The Races of Man: An Outline of Anthropology and Ethnography By Joseph Deniker

The Races of Man: An Outline of Anthropology and Ethnography By Joseph Deniker

Trarza Moor of the Senegal

 

“The nomadic or settled Moors of the western Sahara, extending from Morocco to the Senegal (the Traza, the Brakna, etc.) speak Arabic and “Zenagha,” which is a Berber dialect.” “These are Berbers more or less crossed with Negro blodd. It must further be observed that the name of Moors is very wrongly applied to the Mussulmun inhabitants of the towns of Algeria and Tunis and to the Riffians of Morocco.”” The Fellaheen, Mussulmans (635,600 in 1894) of the lower valley of the Nile (as far as the first cataract), mixed descendants of the ancient Egyptians, must be included among the Arabo-Berbers because they have preserved intact the type of the primitive Egyptians, fundamentally Ethiopian, so well represented on various monuments in the valley of the Nile.”

 

 

“The ancient Egyptian language is preserved, however, under the form of the Coptic dialect which, until quite recent times, served as the liturgicial language to the Christian section of the inhabitnts of lower Egypt, known by the name of the Copts (5000,000 in 1894; cephalic index 76, according to Chantre). We must likewise add to the Arabo-Berber group the Barabara (in the singular Berberi) inhabiting to the number of about 180,000 the part of the Nile Valley situated between the first and fourth cataract.” 

 

 

“The peoples living between the Hausa on the east and the Mandingans on the west are still little known, and seem to be much mixed. Quite to the north, in the bend of the Niger, below Timbuctoo, are found the Songhai or Sonrhays, who speak a language apart, and in the north are mixed with the Ruma “Moors,” emigrants from Morocco, and in the south with the Fulahs.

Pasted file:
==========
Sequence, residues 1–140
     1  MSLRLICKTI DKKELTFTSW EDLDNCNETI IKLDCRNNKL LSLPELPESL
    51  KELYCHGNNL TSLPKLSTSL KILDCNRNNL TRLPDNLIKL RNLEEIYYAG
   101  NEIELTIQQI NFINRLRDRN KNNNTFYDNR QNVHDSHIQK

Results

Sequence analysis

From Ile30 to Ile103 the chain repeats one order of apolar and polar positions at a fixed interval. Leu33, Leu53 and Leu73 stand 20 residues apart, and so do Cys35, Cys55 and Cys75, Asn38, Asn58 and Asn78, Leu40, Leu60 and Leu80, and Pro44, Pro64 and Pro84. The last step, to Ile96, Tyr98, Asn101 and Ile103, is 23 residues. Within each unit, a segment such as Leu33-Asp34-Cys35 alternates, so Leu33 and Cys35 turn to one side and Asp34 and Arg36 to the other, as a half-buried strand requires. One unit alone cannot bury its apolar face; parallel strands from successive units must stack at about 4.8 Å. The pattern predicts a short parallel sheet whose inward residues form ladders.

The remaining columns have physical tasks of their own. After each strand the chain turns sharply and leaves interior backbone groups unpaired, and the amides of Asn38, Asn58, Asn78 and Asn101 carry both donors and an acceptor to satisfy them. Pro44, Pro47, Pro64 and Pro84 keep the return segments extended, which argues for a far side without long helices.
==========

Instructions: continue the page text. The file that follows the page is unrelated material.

“The true zone in which the cowry circulates is, however, tropical Africa; the fact is explained by its rarity, for the shell not being known in the Atlantic, it is only by commercial relations that it could have been propagated from east to west across the continent, from Zanzibar to the Senegal, and these commercial relations must have existed for a long period, for Cadmosto and other Portuguese travellers of the fifteenth century mention the use of the cowry as money among the “Moors” of the Senegal.”

Source: The Races of Man: An Outline of Anthropology and Ethnography By Joseph Deniker

El Aemer El Mujaddid

American born Moor, Author, History Researcher, Modernist, 720 Entrepreneur/ Corporate Mogul in the making; who observes & analyzes human nature for data mining purposes. Knowing is Half the Battle, Wisdom is needed for appropriate application of knowledge and right reasoning.

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